And so we trudge on, past fields with swathes of tall silver grass and tangerine farms ripe for the picking – November and December is the season for this citrus fruit. Locals nickname it the “university tree” as many a farmer put their children through tertiary education with their harvests.
We stop to snap photos of the dormant volcano Mount Halla, which looms up behind the tangerine orchards. Finally, we reach Soesokkak Estuary, where the fresh water of the Hyodoncheon stream mingle with the sea water. Craggy cliffs of lava rock rise up on both sides of the blue-green inlet, where you can paddle a kayak or take a traditional raft ride.
We shuffle the last few metres past the Hahyo Soesokkak Beach and the breakwater of concrete tetrapods, tired but mildly exhilarated to have made it to the finish line. My legs, surprisingly, have held up.
ON THE RIGHT TRACK
While the Olle routes may test your fitness and stamina, they will not stretch your navigational skills much.
You are unlikely to lose your way because of the distinctive signposting: Bright blue and orange wooden arrows that indicate the forward or reverse direction, arrows in the same colours painted on the ground or walls, and ribbons tied on tree branches or fence posts.
Volunteers regularly check and maintain these markers, refreshing faded arrows or replacing missing ribbons. The blue horse stick figure named ganse also serves to show the way – the head points to the direction forward.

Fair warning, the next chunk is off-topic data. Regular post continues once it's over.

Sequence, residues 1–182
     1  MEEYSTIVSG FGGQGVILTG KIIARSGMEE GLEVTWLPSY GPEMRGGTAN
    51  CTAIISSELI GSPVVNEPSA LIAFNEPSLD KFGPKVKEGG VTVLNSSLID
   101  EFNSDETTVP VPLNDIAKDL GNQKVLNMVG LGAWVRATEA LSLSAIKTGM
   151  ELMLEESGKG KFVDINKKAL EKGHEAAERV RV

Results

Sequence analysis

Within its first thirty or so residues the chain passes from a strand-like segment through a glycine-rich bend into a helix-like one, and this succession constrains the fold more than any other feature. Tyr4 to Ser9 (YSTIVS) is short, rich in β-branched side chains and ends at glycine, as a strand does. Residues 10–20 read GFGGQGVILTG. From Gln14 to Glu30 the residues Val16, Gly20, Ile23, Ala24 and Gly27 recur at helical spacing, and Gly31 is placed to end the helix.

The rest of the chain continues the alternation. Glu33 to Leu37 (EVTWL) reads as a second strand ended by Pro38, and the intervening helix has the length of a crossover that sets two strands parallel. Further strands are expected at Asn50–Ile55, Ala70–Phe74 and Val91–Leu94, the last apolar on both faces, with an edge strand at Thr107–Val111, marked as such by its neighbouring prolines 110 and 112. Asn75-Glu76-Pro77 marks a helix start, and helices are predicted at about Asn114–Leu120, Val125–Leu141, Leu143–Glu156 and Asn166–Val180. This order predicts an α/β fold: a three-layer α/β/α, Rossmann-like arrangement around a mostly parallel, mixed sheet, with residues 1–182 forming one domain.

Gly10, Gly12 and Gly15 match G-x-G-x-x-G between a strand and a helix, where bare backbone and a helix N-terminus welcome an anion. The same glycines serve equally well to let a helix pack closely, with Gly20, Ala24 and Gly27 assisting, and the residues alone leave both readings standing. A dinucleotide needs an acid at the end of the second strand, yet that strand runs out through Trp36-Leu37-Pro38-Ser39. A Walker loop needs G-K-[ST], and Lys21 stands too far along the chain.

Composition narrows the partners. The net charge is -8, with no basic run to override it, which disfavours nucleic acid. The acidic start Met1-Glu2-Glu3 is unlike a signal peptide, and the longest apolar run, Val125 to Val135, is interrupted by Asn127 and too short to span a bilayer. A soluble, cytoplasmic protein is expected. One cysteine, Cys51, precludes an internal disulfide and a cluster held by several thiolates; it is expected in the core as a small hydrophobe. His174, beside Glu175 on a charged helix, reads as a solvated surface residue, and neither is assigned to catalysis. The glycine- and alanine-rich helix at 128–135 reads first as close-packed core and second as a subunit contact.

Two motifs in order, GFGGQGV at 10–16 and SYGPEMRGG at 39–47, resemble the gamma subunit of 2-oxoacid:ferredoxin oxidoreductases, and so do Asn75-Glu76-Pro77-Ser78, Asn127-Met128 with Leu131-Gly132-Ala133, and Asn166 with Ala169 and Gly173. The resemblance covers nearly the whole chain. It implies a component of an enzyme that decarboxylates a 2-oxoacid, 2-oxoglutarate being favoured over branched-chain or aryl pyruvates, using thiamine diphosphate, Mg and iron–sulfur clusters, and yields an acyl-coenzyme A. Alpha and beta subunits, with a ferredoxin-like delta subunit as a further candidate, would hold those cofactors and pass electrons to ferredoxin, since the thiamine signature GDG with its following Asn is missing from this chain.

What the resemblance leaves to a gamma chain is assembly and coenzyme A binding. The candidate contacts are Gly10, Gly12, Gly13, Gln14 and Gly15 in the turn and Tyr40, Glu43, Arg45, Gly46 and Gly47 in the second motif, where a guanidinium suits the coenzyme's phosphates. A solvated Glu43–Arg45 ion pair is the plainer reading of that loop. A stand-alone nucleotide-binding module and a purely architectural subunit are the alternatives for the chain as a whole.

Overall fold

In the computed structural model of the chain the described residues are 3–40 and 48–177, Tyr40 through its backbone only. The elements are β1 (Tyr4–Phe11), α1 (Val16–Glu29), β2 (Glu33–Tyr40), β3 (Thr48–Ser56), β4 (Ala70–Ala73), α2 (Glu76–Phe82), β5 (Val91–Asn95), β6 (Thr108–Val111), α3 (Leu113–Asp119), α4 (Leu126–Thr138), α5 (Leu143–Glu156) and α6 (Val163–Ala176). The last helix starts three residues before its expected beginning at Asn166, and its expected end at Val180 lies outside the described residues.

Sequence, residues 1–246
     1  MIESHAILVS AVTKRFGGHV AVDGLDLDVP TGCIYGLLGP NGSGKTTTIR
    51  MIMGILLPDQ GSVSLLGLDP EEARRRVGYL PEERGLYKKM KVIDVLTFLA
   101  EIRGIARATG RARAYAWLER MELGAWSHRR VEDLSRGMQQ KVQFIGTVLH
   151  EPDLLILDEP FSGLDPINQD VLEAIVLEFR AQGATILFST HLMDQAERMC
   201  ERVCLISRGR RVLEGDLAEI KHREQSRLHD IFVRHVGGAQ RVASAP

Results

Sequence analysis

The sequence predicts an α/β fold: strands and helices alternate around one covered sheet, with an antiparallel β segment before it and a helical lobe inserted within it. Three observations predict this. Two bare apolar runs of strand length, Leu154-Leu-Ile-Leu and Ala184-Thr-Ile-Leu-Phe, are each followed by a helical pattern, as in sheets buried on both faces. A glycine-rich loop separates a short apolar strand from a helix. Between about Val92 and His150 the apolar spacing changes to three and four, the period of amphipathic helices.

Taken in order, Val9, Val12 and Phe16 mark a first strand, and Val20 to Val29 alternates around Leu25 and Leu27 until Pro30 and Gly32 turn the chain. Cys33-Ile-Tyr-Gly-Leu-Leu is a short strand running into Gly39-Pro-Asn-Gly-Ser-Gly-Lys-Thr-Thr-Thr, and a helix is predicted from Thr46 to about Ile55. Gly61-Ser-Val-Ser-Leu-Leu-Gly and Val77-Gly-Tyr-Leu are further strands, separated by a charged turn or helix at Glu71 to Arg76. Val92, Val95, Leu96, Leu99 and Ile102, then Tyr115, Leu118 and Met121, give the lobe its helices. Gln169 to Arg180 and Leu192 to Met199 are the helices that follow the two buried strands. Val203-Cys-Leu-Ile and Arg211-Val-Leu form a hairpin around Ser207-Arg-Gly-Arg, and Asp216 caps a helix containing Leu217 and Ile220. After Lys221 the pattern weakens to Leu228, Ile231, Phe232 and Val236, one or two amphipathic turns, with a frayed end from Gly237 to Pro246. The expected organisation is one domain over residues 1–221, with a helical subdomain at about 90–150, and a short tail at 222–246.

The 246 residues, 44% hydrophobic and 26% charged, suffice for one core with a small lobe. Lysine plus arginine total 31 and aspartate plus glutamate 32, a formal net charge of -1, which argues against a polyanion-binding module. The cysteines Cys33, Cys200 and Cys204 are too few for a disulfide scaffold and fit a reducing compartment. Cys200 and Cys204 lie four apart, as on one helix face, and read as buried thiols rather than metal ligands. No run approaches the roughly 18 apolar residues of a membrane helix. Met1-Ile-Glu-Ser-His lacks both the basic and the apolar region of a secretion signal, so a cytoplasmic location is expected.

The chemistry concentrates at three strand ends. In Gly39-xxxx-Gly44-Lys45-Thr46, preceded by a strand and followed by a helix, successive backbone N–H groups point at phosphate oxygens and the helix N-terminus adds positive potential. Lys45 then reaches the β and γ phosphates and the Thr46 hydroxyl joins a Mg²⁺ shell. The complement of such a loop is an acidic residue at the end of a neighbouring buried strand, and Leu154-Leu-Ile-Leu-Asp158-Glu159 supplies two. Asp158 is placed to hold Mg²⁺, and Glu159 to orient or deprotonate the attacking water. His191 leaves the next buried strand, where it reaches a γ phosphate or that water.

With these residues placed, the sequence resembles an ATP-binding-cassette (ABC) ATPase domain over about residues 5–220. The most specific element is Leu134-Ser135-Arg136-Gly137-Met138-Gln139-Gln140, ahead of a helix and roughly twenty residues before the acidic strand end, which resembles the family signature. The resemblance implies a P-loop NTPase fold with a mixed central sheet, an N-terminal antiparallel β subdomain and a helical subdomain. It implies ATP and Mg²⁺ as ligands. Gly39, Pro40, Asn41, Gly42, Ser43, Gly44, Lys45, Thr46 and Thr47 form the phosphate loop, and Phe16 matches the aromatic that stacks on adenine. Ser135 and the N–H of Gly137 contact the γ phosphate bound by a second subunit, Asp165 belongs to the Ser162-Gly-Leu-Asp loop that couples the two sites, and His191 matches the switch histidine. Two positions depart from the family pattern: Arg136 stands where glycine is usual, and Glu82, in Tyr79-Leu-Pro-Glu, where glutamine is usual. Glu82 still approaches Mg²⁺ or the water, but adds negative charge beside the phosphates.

Tramping around Jeju may not be everyone’s idea of a relaxing holiday on the island billed as the Hawaii of South Korea. But the Olle Trail has deeper significance beyond just being postcard-pretty. It ticks all the boxes for travellers who believe in tourism that is socially, economically and environmentally sustainable.
Jeju Olle Foundation, the non-profit organisation set up by Suh Myung Sook, which develops and manages the Olle Trail, works with local communities to revitalise socially-oriented businesses and forge partnerships with corporate sponsors. Visitors get to enjoy authentic experiences while supporting local enterprises along the routes.
The organisation helped the Sehwa-3ri Herb Village on Route 3 to develop the concept for an eco-friendly venture: Using essential oils from their herbs and recycled soju bottles to produce candles. You can sign up for workshops to your own lavender-scented candles with sand, shells and pebbles – a keepsake that encapsulates the quintessential smells and sights of Jeju.
On the same route, travellers can taste green tea ice cream at the Sinsan-ri Village Cafe. The coast in front of the cafe is known for its dolphin sightings. Recipes for the cafe’s green tea products were developed by chocolatier Cacao Boom, an arrangement facilitated by Jeju Olle.
Agricultural co-operative Murung Farm and Venta Korea, which makes air purification systems, are another example of this village-corporate sponsor partnership.
Venta’s CEO had hiked the Olle Trail and expressed interest in supporting the local community. Venta helped the Murung Farm co-operative with the branding of their products which are showcased at the industrial-chic store located at the end point of route 11 and the start point of route 12. Visitors can buy fresh vegetables and fruit, and packaged foods made with the local produce.
Hearing these stories as I explored southern Jeju on foot gave me a deeper appreciation of the Olle Trail, sore legs notwithstanding. One route down, another 25 to go!
The Jeju Olle website has detailed route information, maps and guides for hikers.
You can do the routes on your own or sign up for free daily guided walks organised by the Jeju Olle Trail Academy. The walks are conducted in Korean unless otherwise noted. Many of the volunteer guides do speak some English. Email jejuolle [at] jejuolle.org for enquiries.
CNA Lifestyle was in Jeju at the invitation of Jeju Olle Foundation.